Hope Is A Terrible Thing: Sundance 2022
Hope is a terrible thing. It stings when rebuked and every time you attempt to refill your stores you remember how quickly it was drained out of you last time. When Judd Hirsch sees River Phoenix standing by the side of the road in the first ten minutes of Running on Empty (1988) he knows whatever he’d just built is done. Time to start over. It was an ok Sundance I guess. Gonna have to be, it’ll probably be my last. My application didn’t go through, I complained about it in public, they gave me a consolation pass to view short films and a couple of truly awful TV shows (they had Philly D.A. last year, Not sure what happened. If you can get more than three minutes into Michael Polish’s ridiculous new tv show Bring on the Dancing Horses, you’re made of stronger stuff than I).
I shouldn’t have complained, a lot of the new shorts were good, many of them programmed by Adam Piron, who is excellent at his job. There was a bleakly hilarious feature this year in the shorts program where they were showing a lot of legacy shorts. It just highlights the shoddy treatment short films usually get. On the one hand, it was nice to watch Keisha Rae Witherspoon’s T again but it was just on The Criterion Channel. On the other hand, why isn’t there a place for work like that to just live? If Sundance can’t host and support the filmmakers they’re supporting year-round, what good are they doing except leaving you out for predatory studios to come to find you, give you money to do your worst work?
“You can wear the thrift store ones. The new ones have to be washed first.” I don’t have much to say about Hanna Bergholm’s Hatching (2022). It’s wonderful. It has one idea, it executes it perfectly, the tone is magnificently handled so it never breaks the rubber band it keeps stretching with its child endangerment and gore. Something in the Dirt (2022) is the newest feature by Aaron Moorhead and Justin Benson, two resolutely creative directors who speak each other’s private language in an ingratiating and emotionally resonant fashion. Their movies are slacker sci-fi but they’re based in real pain and genuine idiosyncrasy. They’re like directors who could have started directing after the first few Sundance festivals, steeped in John Sayles, Larry Cohen, Lizzie Borden, and Bill Forsyth. Something in the Dirt is good. It’s gonna have to be Moorhead and Benson’s next gig is making some Marvel thing. It looks worse than bad, it looks competent. Something in the Dirt looks like them. And that’s what a film should be, it should feel like a director directed it. In the past, the boys have dealt with alternate dimensions and time travel and shape-shifting creatures and this time they find some kind of field of uncanny physics in the apartment they occupy, which sets them down the road of arcane study. The film’s best joke is that every time they get closer to identifying the phenomenon plaguing their shared living space they learn worse and worse things about each other. It’s the kind of thing you can only make if you trust your scene partner/co-writer/co-director. I won’t watch their Marvel show, but I’m guessing it’s not going to feel like an act of trust.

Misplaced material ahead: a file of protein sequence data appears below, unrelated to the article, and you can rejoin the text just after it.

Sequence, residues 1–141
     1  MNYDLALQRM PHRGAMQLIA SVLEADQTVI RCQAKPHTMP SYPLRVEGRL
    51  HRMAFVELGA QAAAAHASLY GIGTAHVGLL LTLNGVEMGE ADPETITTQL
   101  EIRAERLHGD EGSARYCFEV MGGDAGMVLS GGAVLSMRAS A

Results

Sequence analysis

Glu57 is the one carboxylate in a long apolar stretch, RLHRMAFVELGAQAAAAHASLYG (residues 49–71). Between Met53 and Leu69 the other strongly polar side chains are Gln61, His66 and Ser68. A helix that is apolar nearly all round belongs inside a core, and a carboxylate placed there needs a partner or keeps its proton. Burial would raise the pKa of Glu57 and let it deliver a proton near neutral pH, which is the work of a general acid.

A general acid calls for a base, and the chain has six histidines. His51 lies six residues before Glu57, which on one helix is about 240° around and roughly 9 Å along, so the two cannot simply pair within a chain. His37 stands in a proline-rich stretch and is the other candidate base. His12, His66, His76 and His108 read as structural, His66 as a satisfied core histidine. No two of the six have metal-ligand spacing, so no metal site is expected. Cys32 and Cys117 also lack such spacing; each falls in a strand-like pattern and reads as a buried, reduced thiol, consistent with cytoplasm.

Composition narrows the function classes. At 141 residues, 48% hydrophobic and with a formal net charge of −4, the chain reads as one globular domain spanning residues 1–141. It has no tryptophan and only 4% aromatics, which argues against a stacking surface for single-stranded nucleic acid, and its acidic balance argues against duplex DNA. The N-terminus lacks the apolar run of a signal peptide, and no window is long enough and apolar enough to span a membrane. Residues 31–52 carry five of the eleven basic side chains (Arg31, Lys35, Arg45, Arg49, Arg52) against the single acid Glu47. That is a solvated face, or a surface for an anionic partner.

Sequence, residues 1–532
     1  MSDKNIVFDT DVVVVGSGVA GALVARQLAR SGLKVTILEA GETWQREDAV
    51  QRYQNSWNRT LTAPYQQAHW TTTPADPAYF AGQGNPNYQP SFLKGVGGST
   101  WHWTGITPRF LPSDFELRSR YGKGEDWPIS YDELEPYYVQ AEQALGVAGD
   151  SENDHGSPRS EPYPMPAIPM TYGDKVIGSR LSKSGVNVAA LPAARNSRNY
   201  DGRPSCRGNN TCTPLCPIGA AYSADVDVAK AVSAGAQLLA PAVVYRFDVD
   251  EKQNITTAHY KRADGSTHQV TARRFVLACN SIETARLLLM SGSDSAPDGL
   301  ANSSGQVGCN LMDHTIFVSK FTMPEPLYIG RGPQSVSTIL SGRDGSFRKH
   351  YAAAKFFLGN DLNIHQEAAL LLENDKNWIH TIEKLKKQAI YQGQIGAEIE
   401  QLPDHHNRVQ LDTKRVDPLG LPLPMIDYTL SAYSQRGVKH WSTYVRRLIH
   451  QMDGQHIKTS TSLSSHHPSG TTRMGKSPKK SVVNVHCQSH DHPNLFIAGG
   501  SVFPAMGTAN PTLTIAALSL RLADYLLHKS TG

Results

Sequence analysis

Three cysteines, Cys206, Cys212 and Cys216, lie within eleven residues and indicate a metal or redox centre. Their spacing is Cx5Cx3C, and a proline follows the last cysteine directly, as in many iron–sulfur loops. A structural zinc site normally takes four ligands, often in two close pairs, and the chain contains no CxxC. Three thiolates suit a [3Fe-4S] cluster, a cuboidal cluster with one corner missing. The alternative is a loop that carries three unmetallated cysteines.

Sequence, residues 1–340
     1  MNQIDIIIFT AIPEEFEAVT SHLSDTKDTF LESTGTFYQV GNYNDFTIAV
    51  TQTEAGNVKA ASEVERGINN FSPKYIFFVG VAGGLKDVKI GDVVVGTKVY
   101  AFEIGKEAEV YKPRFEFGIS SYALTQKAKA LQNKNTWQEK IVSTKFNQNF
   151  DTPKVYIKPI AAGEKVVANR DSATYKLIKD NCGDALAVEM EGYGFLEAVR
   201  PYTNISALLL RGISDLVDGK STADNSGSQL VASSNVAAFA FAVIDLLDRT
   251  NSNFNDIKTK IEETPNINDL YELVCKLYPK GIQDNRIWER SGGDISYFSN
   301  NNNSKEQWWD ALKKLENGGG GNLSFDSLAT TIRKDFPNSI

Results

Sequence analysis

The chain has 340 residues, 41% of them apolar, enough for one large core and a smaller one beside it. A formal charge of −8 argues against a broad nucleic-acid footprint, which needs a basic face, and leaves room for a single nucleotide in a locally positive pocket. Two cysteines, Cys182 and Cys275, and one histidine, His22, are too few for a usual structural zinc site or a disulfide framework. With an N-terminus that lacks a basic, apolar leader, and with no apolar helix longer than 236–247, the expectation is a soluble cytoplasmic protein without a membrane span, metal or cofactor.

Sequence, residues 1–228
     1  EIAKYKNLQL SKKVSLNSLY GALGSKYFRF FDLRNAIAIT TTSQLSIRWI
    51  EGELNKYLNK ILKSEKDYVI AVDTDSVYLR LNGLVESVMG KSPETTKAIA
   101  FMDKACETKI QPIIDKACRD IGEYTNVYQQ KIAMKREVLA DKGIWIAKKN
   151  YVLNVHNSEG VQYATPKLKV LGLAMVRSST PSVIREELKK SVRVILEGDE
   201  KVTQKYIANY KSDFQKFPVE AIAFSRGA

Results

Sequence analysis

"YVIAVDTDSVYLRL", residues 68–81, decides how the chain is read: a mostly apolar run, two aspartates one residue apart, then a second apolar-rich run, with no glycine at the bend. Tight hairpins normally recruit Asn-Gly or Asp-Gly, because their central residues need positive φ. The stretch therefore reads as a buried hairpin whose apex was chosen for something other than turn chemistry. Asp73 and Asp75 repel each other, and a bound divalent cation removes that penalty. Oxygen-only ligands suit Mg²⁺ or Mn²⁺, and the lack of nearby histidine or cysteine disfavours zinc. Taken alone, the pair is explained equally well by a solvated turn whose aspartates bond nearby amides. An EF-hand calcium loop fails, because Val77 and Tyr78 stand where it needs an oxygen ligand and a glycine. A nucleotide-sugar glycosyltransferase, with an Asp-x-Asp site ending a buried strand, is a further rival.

“My dear, how will you contribute to this false capitalist economy??” Listen to the Beat of our Images (2022) by Audrey and Maxime Jean-Baptiste is about the money the French government spent clearing the jungle to build a space centre in French Guiana. It’s a gorgeous study of sparks and darkness, of the forbidding beauty of the long-dead jungle and the people who used to live there without such a towering paean to colonialism, literally trying to make it to outer space before they’ll properly help the countries they once turned to slave markets. It finds its answer in If I Go Will They Miss Me (2022)about a young black man who wants so badly to fly, to leave his neighbourhood like a superhero (maybe like the ones created by the dead capitalist consortium that have bought Moorhead and Benson) and in Dania Bdeir’s Warsha about a young man in Beirut who finds the room to be himself hundreds of feet above the ground. Space is itself a construct. You can’t have any understanding of It without curiosity but you can’t know it without money, the kind of money that enslaves millions. In the year that saw the billionaire class taking dick-measuring joy rides to space, it’s good to remember that space is a dream and an illusion to some. It’ll never be “ours”.